January 27, 2012 in Idaho, Outdoors

State biologist dreads Hollywood portrayal of wolves

Attacks on humans, implied in movie’s trailers, extremely rare
By The Spokesman-Review
 
Associated Press photo

From left, Dallas Roberts, Dermot Mulroney and Liam Neeson perform in a scene from “The Grey.”
(Full-size photo)

Inside

• Reviews of “The Grey” and other weekend releases can be found in in today’s 7 section.

Wolf attacks

Since 1950, wolves are known to have killed nine people in Europe, which is home to 10,000 to 20,000 wolves, and eight people in Russia, which has about 40,000 wolves. Human deaths have also been reported in India, where wild prey is scarce and livestock is heavily guarded. In North America, home to about 60,000 wolves, two human deaths have been attributed to wolves in the past 60 years.

• More information on human-wolf encounters is available in Washington’s Wolf Management and Conservation Plan (Chapter 7) at

http://wdfw.wa.gov/conservation/gray_wolf/ mgmt_plan_process.html

Wolves are coming to the big screen today in “The Grey,” a man-versus-beast thriller starring Liam Neeson.

When their plane crashes in Alaska’s frozen wilderness, a bunch of oil-field roughnecks fight for survival. Not only do the men combat cold and hunger, they’re stalked by a wolf pack.

Film previews feature eerie howls and shots of feral eyes glinting in the darkness. When carnage ensues in this R-rated film, the wolves are usually the winners.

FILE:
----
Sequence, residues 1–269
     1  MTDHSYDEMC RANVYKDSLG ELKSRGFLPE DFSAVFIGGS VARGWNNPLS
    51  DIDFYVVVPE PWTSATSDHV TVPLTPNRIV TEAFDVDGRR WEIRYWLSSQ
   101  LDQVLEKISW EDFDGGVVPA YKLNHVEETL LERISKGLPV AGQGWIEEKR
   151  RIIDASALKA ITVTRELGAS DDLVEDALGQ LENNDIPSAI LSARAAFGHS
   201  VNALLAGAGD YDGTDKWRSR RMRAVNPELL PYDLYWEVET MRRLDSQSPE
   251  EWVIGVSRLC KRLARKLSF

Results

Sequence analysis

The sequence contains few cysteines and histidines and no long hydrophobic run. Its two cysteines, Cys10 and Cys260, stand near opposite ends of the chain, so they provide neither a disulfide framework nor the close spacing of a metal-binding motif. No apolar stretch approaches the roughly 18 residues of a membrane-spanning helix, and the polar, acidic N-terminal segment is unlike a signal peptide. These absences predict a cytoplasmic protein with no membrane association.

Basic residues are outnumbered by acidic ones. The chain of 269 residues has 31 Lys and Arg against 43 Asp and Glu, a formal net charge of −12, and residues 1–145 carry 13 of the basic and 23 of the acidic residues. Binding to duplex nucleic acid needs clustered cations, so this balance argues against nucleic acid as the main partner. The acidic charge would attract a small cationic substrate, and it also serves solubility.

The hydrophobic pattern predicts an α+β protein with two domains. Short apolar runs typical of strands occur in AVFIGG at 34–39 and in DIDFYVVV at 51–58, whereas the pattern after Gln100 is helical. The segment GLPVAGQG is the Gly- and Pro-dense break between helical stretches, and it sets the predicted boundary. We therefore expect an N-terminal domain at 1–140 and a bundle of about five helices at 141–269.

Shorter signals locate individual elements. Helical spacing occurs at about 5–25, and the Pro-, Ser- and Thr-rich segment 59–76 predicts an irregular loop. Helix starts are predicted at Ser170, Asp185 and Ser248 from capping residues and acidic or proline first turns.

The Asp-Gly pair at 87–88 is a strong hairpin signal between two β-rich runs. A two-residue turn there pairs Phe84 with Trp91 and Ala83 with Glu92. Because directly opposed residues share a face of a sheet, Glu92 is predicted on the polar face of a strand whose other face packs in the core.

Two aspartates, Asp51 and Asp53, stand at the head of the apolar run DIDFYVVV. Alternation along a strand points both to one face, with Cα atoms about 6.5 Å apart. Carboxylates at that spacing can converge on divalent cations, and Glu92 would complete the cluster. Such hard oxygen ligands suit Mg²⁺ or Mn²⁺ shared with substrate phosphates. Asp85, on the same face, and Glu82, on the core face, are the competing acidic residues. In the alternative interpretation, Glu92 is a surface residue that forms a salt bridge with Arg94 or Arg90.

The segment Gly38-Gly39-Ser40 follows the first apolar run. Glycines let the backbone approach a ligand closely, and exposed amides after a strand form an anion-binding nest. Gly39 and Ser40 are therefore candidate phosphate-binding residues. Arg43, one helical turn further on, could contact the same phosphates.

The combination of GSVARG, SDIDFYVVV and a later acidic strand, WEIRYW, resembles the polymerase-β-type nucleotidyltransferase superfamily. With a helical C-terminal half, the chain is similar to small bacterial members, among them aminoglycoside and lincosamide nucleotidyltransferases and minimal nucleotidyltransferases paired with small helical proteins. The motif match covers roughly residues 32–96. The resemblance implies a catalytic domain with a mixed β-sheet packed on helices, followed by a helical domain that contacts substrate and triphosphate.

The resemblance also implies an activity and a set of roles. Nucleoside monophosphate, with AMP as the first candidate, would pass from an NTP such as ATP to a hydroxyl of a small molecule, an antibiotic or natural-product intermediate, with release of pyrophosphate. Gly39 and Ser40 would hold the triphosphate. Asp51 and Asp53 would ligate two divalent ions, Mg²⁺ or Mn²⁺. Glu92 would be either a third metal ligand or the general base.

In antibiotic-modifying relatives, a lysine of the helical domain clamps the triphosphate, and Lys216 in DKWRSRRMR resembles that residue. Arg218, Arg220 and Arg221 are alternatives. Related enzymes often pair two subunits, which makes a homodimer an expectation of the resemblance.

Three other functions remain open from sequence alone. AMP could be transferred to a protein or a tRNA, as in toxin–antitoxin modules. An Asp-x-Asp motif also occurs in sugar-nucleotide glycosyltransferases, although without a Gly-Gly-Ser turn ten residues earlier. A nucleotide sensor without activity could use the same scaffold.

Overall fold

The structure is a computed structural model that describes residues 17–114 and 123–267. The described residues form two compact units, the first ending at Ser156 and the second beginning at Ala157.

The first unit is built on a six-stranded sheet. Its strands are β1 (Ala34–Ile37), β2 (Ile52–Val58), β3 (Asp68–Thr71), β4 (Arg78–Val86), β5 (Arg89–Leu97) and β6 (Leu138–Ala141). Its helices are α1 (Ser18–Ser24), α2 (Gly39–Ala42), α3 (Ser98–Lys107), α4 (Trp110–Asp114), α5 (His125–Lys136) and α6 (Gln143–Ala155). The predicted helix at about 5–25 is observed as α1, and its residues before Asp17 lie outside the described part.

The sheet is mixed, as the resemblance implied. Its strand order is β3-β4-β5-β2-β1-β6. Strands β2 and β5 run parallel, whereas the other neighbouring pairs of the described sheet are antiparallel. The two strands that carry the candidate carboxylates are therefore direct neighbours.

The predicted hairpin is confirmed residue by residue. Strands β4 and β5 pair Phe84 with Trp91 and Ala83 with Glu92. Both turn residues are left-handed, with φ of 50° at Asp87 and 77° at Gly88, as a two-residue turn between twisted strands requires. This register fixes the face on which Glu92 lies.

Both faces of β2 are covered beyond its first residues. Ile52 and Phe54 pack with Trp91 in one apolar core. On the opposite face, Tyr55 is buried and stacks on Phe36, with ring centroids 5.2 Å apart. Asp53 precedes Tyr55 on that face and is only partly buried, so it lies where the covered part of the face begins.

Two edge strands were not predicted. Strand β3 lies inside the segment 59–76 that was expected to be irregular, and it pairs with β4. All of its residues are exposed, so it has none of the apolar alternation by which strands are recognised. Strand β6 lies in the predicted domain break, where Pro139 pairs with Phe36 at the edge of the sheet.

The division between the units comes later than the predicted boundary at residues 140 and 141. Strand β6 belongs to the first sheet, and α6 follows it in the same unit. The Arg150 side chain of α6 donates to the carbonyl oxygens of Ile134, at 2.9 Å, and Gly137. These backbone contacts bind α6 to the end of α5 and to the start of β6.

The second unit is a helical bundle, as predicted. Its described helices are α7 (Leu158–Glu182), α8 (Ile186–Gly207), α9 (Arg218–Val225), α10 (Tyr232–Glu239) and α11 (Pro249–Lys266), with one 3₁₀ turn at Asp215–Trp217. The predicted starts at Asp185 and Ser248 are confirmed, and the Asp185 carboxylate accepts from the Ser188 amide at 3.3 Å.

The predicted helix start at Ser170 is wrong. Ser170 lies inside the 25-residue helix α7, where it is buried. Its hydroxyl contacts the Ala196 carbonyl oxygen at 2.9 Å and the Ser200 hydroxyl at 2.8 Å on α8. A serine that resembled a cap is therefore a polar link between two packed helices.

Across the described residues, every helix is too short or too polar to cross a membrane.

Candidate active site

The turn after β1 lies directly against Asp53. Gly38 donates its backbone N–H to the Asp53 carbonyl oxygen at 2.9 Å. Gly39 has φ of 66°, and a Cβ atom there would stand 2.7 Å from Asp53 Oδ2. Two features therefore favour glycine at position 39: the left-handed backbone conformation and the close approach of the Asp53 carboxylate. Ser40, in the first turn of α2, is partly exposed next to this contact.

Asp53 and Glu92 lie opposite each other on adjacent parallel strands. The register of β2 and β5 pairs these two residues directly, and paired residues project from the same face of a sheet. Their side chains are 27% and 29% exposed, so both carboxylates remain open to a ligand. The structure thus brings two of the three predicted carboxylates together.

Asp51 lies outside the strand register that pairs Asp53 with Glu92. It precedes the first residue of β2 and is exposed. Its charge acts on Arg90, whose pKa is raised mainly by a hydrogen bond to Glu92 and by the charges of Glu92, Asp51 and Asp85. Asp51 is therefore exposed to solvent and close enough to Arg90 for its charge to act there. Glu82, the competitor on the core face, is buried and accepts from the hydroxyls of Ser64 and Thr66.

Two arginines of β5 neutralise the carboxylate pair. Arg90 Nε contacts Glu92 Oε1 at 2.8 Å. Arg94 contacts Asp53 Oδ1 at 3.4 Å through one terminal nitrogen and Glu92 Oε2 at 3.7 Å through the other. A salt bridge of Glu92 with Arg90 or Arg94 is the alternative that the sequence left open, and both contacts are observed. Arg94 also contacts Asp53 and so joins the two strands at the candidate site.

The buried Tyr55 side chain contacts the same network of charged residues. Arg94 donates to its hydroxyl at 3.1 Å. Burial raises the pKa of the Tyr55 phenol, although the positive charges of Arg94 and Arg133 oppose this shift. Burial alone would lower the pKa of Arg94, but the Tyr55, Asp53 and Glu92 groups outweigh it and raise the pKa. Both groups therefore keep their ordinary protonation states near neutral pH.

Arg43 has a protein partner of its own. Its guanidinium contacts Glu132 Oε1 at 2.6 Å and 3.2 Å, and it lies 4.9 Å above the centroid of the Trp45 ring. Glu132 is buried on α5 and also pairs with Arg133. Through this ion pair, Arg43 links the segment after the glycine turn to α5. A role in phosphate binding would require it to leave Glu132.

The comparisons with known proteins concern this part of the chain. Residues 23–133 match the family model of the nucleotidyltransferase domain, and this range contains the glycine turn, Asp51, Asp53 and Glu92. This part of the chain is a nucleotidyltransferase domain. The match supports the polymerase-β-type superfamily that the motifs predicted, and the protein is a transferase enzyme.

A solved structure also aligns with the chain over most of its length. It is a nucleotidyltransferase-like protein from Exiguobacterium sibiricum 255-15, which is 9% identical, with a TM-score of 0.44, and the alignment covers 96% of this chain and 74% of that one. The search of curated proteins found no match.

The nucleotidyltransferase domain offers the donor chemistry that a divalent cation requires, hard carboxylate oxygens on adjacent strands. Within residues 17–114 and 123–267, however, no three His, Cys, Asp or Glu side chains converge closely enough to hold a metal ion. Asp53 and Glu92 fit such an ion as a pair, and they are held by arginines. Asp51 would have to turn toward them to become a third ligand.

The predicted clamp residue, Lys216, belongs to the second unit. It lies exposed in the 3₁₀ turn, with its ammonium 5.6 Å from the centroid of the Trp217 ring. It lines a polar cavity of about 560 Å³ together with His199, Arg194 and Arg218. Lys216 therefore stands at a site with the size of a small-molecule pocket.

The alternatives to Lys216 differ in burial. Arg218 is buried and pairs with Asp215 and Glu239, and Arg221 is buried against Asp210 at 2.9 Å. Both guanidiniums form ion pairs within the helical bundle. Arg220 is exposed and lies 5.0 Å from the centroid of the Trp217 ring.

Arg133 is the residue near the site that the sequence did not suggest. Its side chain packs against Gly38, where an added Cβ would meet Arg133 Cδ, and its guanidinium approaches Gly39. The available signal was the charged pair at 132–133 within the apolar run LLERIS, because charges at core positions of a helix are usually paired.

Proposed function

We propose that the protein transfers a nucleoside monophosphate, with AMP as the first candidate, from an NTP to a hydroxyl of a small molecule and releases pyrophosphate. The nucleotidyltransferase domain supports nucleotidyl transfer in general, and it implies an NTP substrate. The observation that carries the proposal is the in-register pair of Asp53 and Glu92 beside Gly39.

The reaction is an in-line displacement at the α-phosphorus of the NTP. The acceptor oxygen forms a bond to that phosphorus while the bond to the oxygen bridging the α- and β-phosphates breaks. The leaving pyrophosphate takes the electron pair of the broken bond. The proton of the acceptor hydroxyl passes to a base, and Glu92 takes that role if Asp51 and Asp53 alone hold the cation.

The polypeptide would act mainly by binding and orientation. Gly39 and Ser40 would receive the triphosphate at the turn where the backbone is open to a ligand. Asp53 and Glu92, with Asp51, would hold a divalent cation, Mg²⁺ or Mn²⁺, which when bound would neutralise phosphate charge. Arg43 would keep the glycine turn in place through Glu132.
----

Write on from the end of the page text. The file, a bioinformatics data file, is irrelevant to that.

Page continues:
But the movie’s portrayal of wolves as man-eaters dismays Gary Wiles.

“My first reaction was, ‘Oh, no!’ ” said Wiles, a wildlife biologist for the Washington Department of Fish and Wildlife. “It looks totally like a Hollywood-contrived movie: something to strike at people’s basic fears.”

Based on what he’s seen in movie trailers, Wiles describes wolf behavior in the film as “pretty far-fetched.”

Despite the presence of 60,000 wolves in North America, only two human deaths from wolves have been documented in the past 60 years.

One person was killed in Saskatchewan in 2007; the other death occurred in Alaska in 2010. The Saskatchewan death involved wolves that had become habituated to people.

“The facts are so much different than what I suspect is portrayed in the movie,” said Wiles, who helped write Washington’s recently adopted wolf management and conservation plan. “I always say show me the evidence that people are being attacked.”

Washington is home to at least 27 wolves, including three successful breeding pairs. The wolf management plan calls for a minimum of 15 breeding packs throughout the state.

Wiles authored the plan’s chapter titled “Wolf-Human Interactions.” Wolves usually avoid people, he said, noting that no attacks on people have been reported in Idaho, Montana or Wyoming since wolves were reintroduced to the Northern Rockies.

But it’s a different story for domestic dogs. Wiles encourages people hiking with dogs to keep them on a leash and to be especially alert when they’re in the territory of a wolf pack. Wolves have killed at least 144 dogs in Idaho, Montana and Wyoming since 1987. Nearly all of the dogs were running loose when they were attacked.

In an interview with the Los Angeles Times, Joe Carnahan, director of “The Grey,” said he wasn’t trying to demonize wolves or portray them as vicious killers.

“I never intended (the wolves) to be the aggressor; I look at them as defenders,” he said. “I think these guys are in a very territorially sensitive place. (The humans) were trespassing and intruders.”

“The Grey” opens today at Regal NorthTown Mall, according to movie website Fandango. Wiles, who works out of Fish and Wildlife’s Olympia office, doesn’t plan to see the film. As a matter of principle, he boycotts wildlife horror flicks. “Anything that makes wildlife look far worse than they really are, I avoid,” Wiles said.


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